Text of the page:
“They are a great way to support awareness of wildlife habitats and biodiversity, plus give communities a lift to the spirits. It’s also just fun to enjoy literature in a fresh way. All the children worked hard on their creative writing, and we’re really excited to see new poems and stories from Henderson Green appearing this Spring.”

Spring Art Prize

There is also a Spring Art Prize open to children in Norfolk aged from 2 up to 11 to take part, to create an art piece inspired by the fairies that might live inside the doors – what would a day in the life of a fairy living in the Norfolk landscape look like? What do you see around you as part of your day? Think about the life inside the soil, the life in the waterways, or the air, trees and plants? What flowers, flora and wildlife might you see?

Photos of entries on A4/A3 paper are fine to send in, or small 2D works – can be clay, recycled materials, collage, illustration, paint, or any materials you like! Entries can be on any media, from paint to drawings, to mixed media, or even sculpture. Photos of the works can be sent to, with the first 20 to enter eligible for a free Spring treat. The winner could snag a bundle of nature inspired books and eco-friendly art materials, with entries being shared on the Natural Wonder online gallery and social media. Schools are also welcome to get in touch if they would like their class to submit entries. The deadline for entering is 27 May, and the winner will be announced in June.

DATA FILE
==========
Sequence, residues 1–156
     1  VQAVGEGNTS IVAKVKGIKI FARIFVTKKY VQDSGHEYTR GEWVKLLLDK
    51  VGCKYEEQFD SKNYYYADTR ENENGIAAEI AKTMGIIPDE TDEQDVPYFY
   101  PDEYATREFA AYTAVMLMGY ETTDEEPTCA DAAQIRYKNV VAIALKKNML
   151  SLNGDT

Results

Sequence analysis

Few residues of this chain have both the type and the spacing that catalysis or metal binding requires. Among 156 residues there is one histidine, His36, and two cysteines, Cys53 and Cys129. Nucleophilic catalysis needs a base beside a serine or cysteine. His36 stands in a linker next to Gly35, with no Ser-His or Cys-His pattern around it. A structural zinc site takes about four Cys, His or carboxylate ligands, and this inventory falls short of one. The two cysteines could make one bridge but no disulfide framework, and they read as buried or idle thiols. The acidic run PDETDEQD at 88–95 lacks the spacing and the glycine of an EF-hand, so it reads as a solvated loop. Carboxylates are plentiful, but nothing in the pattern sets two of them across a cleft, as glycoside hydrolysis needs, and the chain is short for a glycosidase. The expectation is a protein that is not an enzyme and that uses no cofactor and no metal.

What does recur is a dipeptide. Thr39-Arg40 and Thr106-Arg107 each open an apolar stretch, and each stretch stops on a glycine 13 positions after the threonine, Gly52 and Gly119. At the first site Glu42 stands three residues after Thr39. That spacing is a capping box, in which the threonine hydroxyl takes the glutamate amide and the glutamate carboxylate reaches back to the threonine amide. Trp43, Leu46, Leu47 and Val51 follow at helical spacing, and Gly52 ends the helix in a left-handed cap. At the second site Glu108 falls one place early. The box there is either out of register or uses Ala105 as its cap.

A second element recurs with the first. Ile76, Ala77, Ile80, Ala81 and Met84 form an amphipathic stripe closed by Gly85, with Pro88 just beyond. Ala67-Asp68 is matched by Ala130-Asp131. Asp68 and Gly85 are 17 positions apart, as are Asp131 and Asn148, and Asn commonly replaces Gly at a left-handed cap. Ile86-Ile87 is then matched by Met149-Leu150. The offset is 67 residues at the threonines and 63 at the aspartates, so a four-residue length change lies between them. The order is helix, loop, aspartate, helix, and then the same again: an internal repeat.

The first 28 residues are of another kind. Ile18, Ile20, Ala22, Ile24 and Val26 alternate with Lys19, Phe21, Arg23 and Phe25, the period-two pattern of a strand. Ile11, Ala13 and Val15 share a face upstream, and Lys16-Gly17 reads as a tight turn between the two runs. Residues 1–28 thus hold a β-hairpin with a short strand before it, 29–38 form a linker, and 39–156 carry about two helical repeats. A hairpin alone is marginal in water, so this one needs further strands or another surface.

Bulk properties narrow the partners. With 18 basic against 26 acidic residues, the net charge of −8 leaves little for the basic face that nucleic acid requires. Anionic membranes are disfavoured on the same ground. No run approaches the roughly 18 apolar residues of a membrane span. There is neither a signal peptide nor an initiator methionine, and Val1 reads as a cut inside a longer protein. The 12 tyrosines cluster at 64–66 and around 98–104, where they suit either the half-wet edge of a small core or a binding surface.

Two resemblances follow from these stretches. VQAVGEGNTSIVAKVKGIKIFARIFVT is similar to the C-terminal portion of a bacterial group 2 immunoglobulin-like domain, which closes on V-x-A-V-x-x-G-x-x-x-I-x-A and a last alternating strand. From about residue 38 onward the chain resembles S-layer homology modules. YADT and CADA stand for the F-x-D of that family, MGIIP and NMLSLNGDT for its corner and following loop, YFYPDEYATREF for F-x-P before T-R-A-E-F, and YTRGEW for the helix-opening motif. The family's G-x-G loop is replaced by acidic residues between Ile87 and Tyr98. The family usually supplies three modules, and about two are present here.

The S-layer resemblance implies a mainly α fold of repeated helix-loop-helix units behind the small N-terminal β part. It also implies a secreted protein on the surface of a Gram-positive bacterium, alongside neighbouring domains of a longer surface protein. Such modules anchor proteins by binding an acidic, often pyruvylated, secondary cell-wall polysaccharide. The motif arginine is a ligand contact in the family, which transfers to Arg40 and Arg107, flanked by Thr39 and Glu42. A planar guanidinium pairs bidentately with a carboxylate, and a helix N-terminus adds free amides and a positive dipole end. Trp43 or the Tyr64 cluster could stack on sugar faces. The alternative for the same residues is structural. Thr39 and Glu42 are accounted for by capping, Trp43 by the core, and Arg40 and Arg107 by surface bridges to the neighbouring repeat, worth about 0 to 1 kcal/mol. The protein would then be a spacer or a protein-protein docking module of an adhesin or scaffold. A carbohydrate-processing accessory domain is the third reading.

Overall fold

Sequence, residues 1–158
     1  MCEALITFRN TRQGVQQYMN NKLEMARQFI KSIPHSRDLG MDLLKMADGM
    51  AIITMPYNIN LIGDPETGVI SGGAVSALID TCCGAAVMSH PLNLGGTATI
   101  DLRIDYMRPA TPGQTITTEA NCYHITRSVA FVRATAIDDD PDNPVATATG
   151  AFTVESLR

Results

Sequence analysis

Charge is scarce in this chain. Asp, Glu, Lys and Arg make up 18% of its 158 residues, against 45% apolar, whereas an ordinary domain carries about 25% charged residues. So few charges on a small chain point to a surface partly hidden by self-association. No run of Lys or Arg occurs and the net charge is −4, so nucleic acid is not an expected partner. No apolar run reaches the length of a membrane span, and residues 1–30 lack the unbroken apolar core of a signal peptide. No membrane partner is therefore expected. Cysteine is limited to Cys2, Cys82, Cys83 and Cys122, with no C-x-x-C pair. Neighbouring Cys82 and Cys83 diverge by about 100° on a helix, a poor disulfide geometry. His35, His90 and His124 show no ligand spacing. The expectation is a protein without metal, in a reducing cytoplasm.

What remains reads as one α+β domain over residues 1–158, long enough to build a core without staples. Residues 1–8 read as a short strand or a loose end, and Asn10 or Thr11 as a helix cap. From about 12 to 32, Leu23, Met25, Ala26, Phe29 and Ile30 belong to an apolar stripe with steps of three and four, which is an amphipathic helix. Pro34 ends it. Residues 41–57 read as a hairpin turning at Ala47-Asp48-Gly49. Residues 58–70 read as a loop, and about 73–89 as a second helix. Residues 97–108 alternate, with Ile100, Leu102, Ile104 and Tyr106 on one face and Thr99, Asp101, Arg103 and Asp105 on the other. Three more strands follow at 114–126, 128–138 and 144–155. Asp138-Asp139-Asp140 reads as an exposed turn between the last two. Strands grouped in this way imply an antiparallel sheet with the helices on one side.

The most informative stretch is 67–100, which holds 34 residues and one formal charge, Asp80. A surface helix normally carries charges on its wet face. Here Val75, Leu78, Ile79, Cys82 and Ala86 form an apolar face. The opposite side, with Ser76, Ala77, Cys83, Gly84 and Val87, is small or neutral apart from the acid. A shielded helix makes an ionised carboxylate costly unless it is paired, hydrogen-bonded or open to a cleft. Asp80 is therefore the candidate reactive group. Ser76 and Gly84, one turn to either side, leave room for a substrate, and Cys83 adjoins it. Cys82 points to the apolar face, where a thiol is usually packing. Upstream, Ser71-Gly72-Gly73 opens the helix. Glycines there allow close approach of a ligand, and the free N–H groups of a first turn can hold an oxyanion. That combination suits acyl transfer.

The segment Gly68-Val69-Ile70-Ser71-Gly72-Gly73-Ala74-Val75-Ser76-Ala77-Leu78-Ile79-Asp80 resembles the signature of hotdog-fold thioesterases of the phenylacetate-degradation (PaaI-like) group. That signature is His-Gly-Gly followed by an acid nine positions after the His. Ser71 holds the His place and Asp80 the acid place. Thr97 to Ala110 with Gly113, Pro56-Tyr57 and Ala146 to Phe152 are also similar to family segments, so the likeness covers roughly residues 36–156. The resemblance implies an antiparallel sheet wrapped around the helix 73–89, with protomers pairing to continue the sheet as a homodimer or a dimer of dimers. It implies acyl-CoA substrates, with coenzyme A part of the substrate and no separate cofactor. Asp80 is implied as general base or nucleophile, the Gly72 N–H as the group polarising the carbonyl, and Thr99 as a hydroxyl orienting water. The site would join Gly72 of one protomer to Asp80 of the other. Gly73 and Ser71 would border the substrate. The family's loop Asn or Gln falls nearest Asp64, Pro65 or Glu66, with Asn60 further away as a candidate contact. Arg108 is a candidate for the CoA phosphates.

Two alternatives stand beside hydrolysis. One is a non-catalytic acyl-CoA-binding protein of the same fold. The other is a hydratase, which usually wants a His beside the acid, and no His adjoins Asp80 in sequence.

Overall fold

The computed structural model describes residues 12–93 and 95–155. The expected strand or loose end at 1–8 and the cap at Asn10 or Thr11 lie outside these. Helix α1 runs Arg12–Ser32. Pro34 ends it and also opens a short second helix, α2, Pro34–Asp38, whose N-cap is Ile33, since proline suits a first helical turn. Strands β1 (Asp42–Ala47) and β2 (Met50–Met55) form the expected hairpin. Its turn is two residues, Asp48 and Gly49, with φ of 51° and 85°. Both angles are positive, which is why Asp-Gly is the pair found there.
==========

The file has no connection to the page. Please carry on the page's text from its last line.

One of the Fairy Doors, with painted mice.

Illustration Inspiration

For inspiration, go and take a walk out in nature, or at Cary’s Meadow. You can find resources on the biodiversity you might find in the Norfolk landscape alongside the Fairy Doors trail map, by artist Joe Fear – on